Attorney general’s race pits incumbent against political newcomer

11/3/2017, 12:36 a.m.
Virginia has the only attorney general race in the country this year, and it has attracted a lot of attention ...

By Gary Robertson

Virginia has the only attorney general race in the country this year, and it has attracted a lot of attention and a lot of outside money from both parties.

Democrat Mark R. Herring, Virginia’s current attorney general, is running for re-election against Republican John D. Adams, a newcomer to politics who works for a powerhouse Republican law firm, McGuireWoods in Richmond.

Mr. Herring won election as attorney general in 2013 by the narrowest of margins — 165 votes — over Republican Mark Obenshain. After a recount of the votes, Mr. Herring was declared the official winner a few days after Christmas, with a revised election-win margin of 907 votes.

His win gave Democrats control of the attorney general’s office for the first time in nearly two decades.

The 56-year-old Mr. Herring was born in Johnson City, Tenn., and was raised by a single mother in Loudoun County. He worked construction and other jobs to help pay his way through college. He is a graduate of the University of Virginia and the University of Richmond School of Law.

Mr. Adams, 43, was born and raised in Chesterfield County and is a graduate of Virginia Military Institute and the University of Virginia School of Law. He served as a law clerk to U.S. Supreme Court Justice Clarence Thomas.

Mr. Herring and Mr. Adams differ widely on key issues.

For example, Mr. Herring has a proactive position on gun safety measures, such as advocating uniform background checks for gun purchases and the reinstatement of a law requiring that individuals be permitted to purchase only one gun a month, a statute on the books for more than 20 years before it was repealed by the Virginia General Assembly in 2012 under Republican leadership.

Mr. Adams has said the one-gun-per-month law is “an unconstitutional infringement on Second Amendment rights.” He said gun laws currently on the books need to be enforced to keep guns out of the hands of criminals and those suffering with mental illness.

The Oct. 1 mass shooting in Las Vegas, in which the shooter had amassed an arsenal of 23 weapons in his hotel room and had several semi-automatic weapons altered to fire like machine guns, has raised the profile of gun issues in the Virginia attorney general’s race.

Mr. Adams has the backing of the National Rifle Association, while Mr. Herring has benefited from donations from gun control advocacy groups.

Mr. Herring has been an advocate for equal justice in minority communities and appointed the first African-American woman to serve as a chief deputy attorney general of Virginia.

On the issue of same-sex marriage, Mr. Adams is opposed to it, while Mr. Herring has championed it as attorney general.

Mr. Herring also has been an advocate for women’s health care and defended in court a woman’s access to reproductive health services such as abortion and birth control. Mr. Adams opposes abortion, citing his religious beliefs.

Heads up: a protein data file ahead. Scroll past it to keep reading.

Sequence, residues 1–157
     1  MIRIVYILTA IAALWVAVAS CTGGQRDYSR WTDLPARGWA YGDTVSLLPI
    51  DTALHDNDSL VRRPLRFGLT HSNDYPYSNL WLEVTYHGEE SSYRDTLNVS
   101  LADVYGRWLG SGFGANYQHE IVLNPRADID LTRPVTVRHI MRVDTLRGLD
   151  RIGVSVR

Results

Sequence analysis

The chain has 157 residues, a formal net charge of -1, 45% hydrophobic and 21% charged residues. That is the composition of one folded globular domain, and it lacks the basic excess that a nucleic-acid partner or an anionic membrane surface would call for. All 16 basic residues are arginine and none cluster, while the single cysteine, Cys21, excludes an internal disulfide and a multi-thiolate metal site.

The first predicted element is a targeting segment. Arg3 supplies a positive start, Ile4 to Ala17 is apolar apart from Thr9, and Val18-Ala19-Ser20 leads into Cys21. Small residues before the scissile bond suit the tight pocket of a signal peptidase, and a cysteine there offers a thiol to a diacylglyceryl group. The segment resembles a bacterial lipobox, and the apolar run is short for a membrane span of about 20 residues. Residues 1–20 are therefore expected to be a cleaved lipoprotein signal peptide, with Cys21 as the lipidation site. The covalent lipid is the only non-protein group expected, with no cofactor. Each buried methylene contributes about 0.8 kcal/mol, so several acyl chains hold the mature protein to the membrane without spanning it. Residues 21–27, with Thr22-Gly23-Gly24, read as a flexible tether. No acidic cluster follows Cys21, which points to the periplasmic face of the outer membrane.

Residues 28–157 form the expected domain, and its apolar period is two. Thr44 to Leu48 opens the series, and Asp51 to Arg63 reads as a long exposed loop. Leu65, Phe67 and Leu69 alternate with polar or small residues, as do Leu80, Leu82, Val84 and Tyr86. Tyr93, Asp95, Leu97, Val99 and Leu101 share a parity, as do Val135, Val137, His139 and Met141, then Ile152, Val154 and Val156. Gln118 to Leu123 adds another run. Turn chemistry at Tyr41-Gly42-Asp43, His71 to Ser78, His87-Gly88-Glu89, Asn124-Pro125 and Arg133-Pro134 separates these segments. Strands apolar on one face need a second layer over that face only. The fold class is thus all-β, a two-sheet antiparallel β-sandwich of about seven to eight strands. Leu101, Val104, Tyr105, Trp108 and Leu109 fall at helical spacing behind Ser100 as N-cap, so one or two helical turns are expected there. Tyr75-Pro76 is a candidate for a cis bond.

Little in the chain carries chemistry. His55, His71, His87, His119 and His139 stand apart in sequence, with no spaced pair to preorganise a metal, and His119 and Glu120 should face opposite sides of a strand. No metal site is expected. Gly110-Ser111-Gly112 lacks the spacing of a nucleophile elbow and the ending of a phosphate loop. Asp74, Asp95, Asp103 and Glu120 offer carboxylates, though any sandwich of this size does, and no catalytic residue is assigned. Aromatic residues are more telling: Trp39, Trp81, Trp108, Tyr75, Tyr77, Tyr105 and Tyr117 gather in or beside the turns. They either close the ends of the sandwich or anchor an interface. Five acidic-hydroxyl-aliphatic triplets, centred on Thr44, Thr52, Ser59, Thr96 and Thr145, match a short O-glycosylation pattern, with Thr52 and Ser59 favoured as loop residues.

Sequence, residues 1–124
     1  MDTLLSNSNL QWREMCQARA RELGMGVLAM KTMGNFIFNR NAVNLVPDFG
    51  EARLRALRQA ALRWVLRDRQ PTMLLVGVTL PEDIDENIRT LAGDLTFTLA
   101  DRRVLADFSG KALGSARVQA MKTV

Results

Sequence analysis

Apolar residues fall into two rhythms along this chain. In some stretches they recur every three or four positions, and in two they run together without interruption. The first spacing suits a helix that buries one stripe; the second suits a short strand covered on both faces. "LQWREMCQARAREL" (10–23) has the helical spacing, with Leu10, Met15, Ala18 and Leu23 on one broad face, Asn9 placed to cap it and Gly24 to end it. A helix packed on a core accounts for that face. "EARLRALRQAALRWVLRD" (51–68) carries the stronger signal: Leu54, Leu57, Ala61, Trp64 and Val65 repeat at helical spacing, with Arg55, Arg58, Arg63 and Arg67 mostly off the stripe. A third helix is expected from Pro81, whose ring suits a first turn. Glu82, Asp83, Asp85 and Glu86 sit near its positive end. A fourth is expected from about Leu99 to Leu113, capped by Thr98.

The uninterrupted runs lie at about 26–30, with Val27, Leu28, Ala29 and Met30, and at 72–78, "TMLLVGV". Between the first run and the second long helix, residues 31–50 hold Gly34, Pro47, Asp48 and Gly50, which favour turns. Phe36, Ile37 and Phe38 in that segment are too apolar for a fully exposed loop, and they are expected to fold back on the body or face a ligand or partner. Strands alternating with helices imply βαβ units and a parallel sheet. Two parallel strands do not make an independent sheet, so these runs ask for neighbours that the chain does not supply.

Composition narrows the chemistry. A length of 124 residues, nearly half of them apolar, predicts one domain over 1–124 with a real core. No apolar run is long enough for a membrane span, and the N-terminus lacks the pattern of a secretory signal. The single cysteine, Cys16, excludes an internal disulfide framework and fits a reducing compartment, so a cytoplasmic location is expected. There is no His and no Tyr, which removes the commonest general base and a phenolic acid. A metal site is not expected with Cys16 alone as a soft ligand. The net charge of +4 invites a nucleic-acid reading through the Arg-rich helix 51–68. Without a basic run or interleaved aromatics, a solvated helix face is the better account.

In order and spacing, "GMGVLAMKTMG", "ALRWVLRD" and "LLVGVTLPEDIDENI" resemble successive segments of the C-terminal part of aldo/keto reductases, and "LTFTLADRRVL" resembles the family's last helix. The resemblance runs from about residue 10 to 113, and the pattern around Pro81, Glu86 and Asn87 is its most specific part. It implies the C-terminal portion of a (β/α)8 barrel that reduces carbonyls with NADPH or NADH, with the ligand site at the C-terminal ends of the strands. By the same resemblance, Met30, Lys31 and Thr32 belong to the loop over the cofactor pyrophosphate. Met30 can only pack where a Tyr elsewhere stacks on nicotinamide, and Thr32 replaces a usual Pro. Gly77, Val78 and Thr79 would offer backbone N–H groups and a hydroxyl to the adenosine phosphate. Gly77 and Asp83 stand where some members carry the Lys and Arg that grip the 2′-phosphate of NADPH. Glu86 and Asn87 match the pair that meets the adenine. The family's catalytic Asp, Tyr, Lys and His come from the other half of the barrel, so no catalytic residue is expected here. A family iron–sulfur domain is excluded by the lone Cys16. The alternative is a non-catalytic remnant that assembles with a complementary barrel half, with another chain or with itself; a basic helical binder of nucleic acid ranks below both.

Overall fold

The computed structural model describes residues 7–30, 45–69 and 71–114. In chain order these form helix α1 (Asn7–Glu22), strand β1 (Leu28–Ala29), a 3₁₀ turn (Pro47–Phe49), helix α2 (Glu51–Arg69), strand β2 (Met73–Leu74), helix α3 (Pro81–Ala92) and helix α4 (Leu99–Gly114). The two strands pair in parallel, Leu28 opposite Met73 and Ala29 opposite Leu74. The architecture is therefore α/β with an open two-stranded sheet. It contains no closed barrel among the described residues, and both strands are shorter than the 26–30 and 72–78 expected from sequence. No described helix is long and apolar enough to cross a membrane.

On education, Mr. Adams supports school choice and has said he will support lawful efforts to increase access to charter schools in Virginia.

Mr. Herring has made his mark on education by pushing for continued oversight on bad players among for-profit institutions whose graduates often find themselves deep in debt with no degree or marketable skill.

Helping to find solutions to the current heroin and opioid drug crisis, Mr. Herring has said the state can’t arrest its way out of the problem. As attorney general, he has emphasized a strategy that includes education, prevention and treatment, alongside enforcement efforts against dealers and traffickers who profit from people’s addiction.

Mr. Adams said, if elected, he would create a substance abuse coordination center in the attorney general’s office to unite state, local and federal groups to combat the drug epidemic. When President Trump said he would cut subsidies to health insurers that lowered the co-payment and deductibles for people under the federal Affordable Care Act, Mr. Herring joined attorneys general in 18 other states in arguing that the action was unlawful.

“President Trump is intentionally destabilizing insurance markets and ripping away health care from thousands of Virginians, and I won’t stand by and allow that to happen,” Mr. Herring said in a statement.

Mr. Adams had no comment on the president’s action.

Heading into the final few weeks of the campaign, Mr. Herring had a commanding fundraising lead over Mr. Adams, with $2.5 million in cash on hand, compared with about $250,000 for Mr. Adams by the Oct. 15 reporting deadline, according to an analysis by the nonpartisan Virginia Public Access Project.

Mr. Adams’ top donor has been the Republican Attorneys General Association, which has donated more than $2.7 million to his campaign.

Mr. Herring’s top contributors have been the Democratic Attorneys General Association, $1.7 million, and a gun control group, Independence USA PAC, with nearly $1.3 million.